Vatican City (Reuters) – A sombre Pope Francis on Sunday issued his toughest condemnation yet of the invasion of Ukraine, saying the “unacceptable armed aggression” and “massacre” must stop.
The pope has not used the word “Russia” in his condemnations of the war since President Vladimir Putin ordered the invasion on Feb. 24. But the pontiff’s choice of words appear increasingly aimed at rejecting Moscow’s justifications for the invasion.
“Faced with the barbarity of killing of children, of innocents and unarmed civilians, no strategic reasons can hold up,” he told 25,000 people in St. Peter’s Square during his Sunday blessing.
Moscow says its action is designed not to occupy territory but to demilitarise and “de-Nazify” its neighbour. It has also denied targeting civilian areas.
“The only thing to do is stop this unacceptable armed aggression before it reduces cities into cemeteries,” Francis said.
“In the name of God I ask you: stop this massacre!” Francis said, before asking the crowd to join him in silent prayer for an end to the war.
He called Ukraine’s besieged port of Mariupol a “martyred city” and again appealed for “truly secure humanitarian corridors” to allow residents to evacuate.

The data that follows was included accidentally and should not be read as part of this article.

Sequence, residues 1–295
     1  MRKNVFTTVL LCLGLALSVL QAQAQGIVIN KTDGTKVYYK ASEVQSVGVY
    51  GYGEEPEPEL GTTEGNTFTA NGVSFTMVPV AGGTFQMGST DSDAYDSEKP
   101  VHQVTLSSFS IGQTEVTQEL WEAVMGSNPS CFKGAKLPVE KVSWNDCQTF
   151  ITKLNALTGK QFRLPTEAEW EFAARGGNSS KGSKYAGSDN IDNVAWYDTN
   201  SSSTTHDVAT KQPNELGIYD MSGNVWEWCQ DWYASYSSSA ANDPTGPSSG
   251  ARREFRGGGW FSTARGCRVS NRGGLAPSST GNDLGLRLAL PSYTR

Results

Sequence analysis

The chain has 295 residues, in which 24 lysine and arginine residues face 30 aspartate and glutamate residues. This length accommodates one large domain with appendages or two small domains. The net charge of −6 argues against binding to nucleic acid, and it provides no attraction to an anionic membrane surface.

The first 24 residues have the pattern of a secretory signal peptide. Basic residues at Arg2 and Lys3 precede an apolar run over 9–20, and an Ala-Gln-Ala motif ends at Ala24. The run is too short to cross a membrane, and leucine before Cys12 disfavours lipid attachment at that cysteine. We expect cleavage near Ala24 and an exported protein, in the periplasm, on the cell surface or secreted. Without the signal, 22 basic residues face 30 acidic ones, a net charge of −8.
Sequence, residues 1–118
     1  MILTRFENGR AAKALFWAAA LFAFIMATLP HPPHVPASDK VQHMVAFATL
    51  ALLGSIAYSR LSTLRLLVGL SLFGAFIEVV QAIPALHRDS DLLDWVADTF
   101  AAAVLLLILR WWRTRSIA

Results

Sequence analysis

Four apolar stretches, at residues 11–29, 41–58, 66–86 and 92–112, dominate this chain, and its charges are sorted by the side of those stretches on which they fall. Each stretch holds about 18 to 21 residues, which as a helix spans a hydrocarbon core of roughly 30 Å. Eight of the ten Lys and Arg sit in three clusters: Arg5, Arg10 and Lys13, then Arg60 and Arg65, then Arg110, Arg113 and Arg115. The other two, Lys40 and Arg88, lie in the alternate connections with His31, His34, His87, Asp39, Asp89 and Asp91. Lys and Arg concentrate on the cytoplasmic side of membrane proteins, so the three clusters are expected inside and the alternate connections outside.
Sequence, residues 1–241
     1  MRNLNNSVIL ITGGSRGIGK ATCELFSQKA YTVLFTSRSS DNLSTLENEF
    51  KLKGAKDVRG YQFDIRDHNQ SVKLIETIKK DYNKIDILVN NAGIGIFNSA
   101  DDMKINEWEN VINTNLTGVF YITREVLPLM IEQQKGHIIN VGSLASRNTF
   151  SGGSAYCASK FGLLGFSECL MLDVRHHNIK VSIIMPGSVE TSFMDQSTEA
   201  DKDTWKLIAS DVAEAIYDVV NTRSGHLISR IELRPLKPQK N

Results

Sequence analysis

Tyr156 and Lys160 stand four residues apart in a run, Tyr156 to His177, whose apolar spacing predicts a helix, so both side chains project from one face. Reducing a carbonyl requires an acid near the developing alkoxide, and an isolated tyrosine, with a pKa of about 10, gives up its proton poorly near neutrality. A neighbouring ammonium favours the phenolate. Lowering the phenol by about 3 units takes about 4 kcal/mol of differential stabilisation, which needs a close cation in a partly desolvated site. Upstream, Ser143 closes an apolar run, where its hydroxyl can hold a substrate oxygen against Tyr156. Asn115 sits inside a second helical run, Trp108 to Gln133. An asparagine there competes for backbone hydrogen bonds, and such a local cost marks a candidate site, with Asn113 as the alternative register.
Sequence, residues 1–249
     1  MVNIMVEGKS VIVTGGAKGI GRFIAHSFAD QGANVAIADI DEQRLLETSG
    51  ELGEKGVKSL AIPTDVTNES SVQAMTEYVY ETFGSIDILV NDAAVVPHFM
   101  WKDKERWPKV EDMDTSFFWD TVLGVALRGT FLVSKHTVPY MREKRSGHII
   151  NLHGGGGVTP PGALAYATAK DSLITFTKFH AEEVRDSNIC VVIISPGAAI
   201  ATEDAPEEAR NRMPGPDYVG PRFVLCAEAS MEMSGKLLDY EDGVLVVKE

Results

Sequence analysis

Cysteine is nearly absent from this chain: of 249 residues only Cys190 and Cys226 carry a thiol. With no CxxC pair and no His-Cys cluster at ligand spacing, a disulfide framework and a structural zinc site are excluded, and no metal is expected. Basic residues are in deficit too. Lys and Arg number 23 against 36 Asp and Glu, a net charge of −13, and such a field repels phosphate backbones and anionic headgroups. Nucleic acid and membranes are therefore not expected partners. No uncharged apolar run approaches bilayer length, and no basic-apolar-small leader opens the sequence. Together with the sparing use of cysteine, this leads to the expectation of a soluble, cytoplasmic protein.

Russia bombed a maternity hospital in Mariupol on Wednesday. Ukraine said pregnant women were among those hurt; Russia said the hospital was no longer functioning and had been occupied by Ukrainian fighters.
Francis seemed particularly sombre. After an unusually brief greeting to groups in the square, he left the window on the top floor of the Apostolic Palace and returned to the papal library.
Russia calls its action a “special military operation”. Last Sunday Francis implicitly rejected that term, saying it could not be considered “just a military operation” but a war that had unleashed “rivers of blood and tears”.
On Sunday Francis also urged people to take in refugees from Ukraine and thanked those who had joined a “great network of solidarity” to help those fleeing war.
The fighting in Ukraine has created more than 2.5 million refugees, with most taken in by Poland.